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Two easy breathing and relaxation exercises

Never tried breathing and relaxation exercises? Here are two simple programs to help you get started.

  • Breathing exercise benefits

    Deep breathing and relaxation exercises are one of the best ways to cope with the symptoms of anxiety, relieve muscle tension and reduce stress levels in the body[1].

    Breathing exercises, which are activities that force you to focus solely on your breathwork, help you to slow down and take deep breaths. Relaxation exercises help you to relax by recognising the difference between tension and relaxation.

  • Deep breathing exercise

    When you’re feeling stressed, anxious or nervous, you’re probably taking short, sharp, shallow breaths. Slow, deep breathing can help you to relax and feel less anxious.

    You can do breathing exercises when you’re feeling anxious before a big event or as part of your daily routine.

    How to get started

    • Find a quiet place
    • Sit or lie comfortably
    • Focus on your breath
    • Breathe in slowly and deeply through your nose
    • Allow your chest and stomach to rise as your lungs fill with air
    • Count to three as you breathe in
    • Breathe out slowly through your mouth.

    Repeat the above steps as many times as you need. You may wish to put one hand on your stomach so you can feel your abdomen expand as you fill your lungs with air.

    Concentrating on your breathing can help you switch off from negative thoughts and feelings, enabling you to feel more relaxed. You can also try combining deep breathing with mental imagery (e.g. thinking about a calm and peaceful place or situation that puts you at ease).

  • Progressive muscle relaxation exercise

    Progressive muscle relaxation is a technique that helps to reduce muscle tension, a common symptom of stress and anxiety. If you clench your jaw, grind your teeth, tense your shoulders or abdominal muscles, then this technique can help you relax.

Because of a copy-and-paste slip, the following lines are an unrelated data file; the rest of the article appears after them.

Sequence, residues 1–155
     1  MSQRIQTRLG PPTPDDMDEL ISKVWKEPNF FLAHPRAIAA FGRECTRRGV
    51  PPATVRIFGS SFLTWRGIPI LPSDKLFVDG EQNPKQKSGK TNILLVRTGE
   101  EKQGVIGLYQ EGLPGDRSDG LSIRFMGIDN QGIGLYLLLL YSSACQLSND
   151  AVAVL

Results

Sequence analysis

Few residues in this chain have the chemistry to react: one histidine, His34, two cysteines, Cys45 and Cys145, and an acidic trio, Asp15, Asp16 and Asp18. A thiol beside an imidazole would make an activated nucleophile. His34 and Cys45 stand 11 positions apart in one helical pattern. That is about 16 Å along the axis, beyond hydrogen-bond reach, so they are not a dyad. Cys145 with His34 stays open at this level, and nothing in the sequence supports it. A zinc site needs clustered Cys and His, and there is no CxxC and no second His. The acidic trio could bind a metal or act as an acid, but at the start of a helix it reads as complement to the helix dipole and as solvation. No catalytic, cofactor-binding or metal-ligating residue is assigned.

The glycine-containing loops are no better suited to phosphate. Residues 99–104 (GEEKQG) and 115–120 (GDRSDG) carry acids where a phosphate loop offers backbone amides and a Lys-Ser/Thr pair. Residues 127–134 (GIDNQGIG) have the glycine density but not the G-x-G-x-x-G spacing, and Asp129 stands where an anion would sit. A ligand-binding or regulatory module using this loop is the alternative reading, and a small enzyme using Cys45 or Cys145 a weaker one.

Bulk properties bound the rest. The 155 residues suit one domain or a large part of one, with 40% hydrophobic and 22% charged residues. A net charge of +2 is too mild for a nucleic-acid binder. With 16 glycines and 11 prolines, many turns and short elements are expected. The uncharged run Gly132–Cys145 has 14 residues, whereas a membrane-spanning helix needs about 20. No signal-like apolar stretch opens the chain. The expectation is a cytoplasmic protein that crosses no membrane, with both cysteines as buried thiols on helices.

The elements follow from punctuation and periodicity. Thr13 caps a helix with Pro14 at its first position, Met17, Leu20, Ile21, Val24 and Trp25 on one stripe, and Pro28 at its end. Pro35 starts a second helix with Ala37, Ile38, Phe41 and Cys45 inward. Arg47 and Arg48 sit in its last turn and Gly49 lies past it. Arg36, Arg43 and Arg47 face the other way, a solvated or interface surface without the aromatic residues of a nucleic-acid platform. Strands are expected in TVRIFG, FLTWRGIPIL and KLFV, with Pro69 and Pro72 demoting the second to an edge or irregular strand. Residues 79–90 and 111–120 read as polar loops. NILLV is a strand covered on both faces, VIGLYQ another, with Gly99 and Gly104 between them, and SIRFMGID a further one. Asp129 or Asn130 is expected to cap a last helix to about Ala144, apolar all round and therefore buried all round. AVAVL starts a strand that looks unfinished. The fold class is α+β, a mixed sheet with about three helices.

In progressive muscle relaxation, you tense specific muscles or groups, then relax them while breathing deeply.

    How to get started

    • Find a quiet location with minimal distractions
    • Sit or lie comfortably
    • Slow your breathing and take a few deep breaths
    • Breathe in and tense a particular muscle group – the idea is to be able to feel the tension but not be in pain
    • Keep the muscle tense for about five seconds
    • Breathe out and relax the muscle for around 10 seconds before moving onto a new muscle group.

    Repeat the technique for every muscle group in the body, including your legs, stomach, chest, shoulders, arms, fingers, jaw, and face.

    Please note that if you have a physical injury, you should consult your GP before trying progressive muscle relaxation.

    Focusing your breathing can help you cope with life’s daily stressors and feel more content. If you build these breathing and relaxation exercises into your daily routine, starting with just a few minutes every day, you should start to notice a difference in your mood and energy.

    These exercises may not work for everyone. If you’re concerned about your stress levels, talk to your GP or health professional. You can also call our Mind Health counsellors on 1300 029 131 or click the floating chat button on the right.

    If is an emergency, please call 000.


    [1] Health Direct,to%20handle%20problems

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